Sunday, May 3, 2015

Buying a generator twice - By Dirfy Generators

-         My generator started for its weekly test, I heard a loud noise, banging, squealing, and then stopped. I tried to start it, but wouldn’t turn over. My generator is three years old. HELP!
-         My generator came on for the weekly test, made loud noises, and then it started to smoke. I shut it down. I think I need some help.
-         I lost my power, the generator ran for about an hour, then I heard a loud noise, and the lights went out. My generator is about four years old. Can you check it out?

What do these three phone calls have in common? All were blown engines.  In fact, I have had no less than 40 of these calls in the past four or five years. In the past three months, I had six. All of them were less than five years old.

These are costly repairs, they can run up to $3,000, and many times the customer will choose to buy a new generator.

I have had the opportunity to write many articles, speak to different groups, and even been invited to talk on a radio show about this.

What can cause the generator to ‘die’ prematurely? Improper maintenance is definitely a cause, excess hours can be a cause, improper installation, or under sizing of a generator. The majority of the failures we have run into are under sizing, and this is what I will talk about briefly. 

A generator should always be sized for what is called 80 percent of continuous load. Imagine taking your car down the turnpike and going 150 mph for five minutes, then slow down to the speed limit. You probably wouldn’t damage your engine. Now do the same for 48 hours straight, you will most likely blow your engine. It is not designed to run at that high RPM for an extended period of time.

Your generator is the same, it will handle the high load for short period of time, it is not designed to run at the full capacity for an extended period of time.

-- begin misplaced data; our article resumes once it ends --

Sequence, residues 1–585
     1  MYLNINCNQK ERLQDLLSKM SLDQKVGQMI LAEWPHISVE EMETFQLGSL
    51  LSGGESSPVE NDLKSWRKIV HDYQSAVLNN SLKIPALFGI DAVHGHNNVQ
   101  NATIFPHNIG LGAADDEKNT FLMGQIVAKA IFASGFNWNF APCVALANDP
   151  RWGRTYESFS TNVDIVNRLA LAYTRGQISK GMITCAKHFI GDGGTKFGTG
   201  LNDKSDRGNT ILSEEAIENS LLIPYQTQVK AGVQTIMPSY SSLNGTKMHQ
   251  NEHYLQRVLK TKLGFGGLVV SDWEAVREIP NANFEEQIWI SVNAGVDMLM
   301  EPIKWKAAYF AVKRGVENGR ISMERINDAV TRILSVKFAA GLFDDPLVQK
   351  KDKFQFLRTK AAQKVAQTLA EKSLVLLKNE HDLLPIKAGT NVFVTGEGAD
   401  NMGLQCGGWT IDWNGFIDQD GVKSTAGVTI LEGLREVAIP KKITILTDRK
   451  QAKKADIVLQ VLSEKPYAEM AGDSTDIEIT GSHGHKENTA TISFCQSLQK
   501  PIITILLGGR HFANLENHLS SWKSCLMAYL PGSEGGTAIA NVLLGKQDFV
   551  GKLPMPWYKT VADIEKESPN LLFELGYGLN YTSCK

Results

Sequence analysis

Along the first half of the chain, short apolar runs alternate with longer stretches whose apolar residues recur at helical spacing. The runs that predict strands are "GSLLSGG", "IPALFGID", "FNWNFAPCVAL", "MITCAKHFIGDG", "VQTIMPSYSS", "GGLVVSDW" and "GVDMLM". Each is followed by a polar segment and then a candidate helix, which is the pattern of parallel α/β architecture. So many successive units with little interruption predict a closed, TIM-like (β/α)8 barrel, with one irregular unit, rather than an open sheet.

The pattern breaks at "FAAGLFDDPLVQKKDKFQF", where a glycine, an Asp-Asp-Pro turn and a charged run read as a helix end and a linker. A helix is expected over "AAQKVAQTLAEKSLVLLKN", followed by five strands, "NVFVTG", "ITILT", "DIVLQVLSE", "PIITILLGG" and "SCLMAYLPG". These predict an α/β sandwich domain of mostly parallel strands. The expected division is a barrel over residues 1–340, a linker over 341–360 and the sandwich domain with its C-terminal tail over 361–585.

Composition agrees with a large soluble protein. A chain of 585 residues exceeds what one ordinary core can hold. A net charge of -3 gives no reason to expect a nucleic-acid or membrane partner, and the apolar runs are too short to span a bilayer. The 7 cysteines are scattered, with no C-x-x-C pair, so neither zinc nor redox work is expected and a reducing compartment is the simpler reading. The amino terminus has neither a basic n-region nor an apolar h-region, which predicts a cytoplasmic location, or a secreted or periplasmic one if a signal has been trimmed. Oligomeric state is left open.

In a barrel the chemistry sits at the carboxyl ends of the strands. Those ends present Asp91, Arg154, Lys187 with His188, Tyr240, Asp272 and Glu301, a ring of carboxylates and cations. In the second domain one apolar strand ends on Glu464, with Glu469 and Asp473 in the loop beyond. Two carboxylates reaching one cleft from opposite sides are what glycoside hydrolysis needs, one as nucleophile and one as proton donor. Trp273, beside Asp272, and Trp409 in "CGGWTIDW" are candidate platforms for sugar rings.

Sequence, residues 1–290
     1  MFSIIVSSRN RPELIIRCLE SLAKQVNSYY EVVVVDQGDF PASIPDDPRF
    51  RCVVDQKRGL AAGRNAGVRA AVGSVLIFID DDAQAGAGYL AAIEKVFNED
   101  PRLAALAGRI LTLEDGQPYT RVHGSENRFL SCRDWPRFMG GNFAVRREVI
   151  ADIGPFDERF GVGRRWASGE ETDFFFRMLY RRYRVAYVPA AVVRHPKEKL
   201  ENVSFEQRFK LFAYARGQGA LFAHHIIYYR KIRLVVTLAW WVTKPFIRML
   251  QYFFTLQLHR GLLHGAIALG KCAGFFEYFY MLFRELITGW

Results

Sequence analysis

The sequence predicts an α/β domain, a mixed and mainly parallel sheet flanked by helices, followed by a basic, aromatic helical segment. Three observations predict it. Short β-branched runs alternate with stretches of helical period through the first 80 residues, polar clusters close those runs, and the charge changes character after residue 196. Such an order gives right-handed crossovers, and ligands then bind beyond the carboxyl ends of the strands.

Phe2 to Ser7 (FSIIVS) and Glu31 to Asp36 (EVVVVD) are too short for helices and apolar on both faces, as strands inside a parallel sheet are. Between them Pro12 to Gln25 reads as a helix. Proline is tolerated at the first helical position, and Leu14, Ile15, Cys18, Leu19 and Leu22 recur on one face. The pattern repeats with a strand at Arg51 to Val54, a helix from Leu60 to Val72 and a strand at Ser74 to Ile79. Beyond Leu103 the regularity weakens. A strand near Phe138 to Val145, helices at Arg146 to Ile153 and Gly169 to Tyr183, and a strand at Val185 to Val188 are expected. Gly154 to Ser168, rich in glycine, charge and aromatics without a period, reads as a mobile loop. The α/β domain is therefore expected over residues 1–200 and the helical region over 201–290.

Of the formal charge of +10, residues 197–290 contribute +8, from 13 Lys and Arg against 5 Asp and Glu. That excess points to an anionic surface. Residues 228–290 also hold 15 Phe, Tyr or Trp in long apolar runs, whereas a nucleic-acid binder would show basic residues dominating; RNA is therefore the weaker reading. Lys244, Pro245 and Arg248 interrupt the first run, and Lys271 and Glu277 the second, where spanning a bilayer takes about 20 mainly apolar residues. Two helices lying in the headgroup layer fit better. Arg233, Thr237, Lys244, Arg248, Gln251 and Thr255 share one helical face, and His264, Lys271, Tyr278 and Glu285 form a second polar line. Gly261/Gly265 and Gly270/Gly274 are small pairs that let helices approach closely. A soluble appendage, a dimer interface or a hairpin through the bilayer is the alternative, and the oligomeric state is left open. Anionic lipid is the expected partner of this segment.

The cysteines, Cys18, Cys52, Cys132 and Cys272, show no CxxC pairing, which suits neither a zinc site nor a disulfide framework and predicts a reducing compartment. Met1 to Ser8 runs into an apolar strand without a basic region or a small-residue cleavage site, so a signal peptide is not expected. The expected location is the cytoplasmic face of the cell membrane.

The most common size generator installed is a 10KW, and most times it will be used as a whole house. A 10KW generator will produce about 42 amps. If you have an electric stove, that stove could use about 40 amps, depending on how many burners or if the oven is used. A dryer could draw about 22 amps, and an electric hot water heater about 22 amps. 

A quick way to determine if the generator you are purchasing is sized correctly is to add all your loads, especially the high usage items. Then take the size of the generator you are purchasing, and divide the wattage by 240. This will give you the amperage. Example, a 14KW is 14,000 watts, divided by 240 volts will equal about 58 amps.

Using the 80 percent rule, the max load that should be used is 80 percent times 58 amps, or about 46 amps.

Also note, air conditioners are known as generator killers, and must be taken into account when doing calculations. Ask us why.

We usually use five or six articles to discuss sizing, however, due to space; we need to keep this short. We give free evaluations with no obligation to determine your needs. Contact us and we will discuss your particular needs.

Don’t be a statistic.

Visit, email or call 207-637-3346.

No comments:

Post a Comment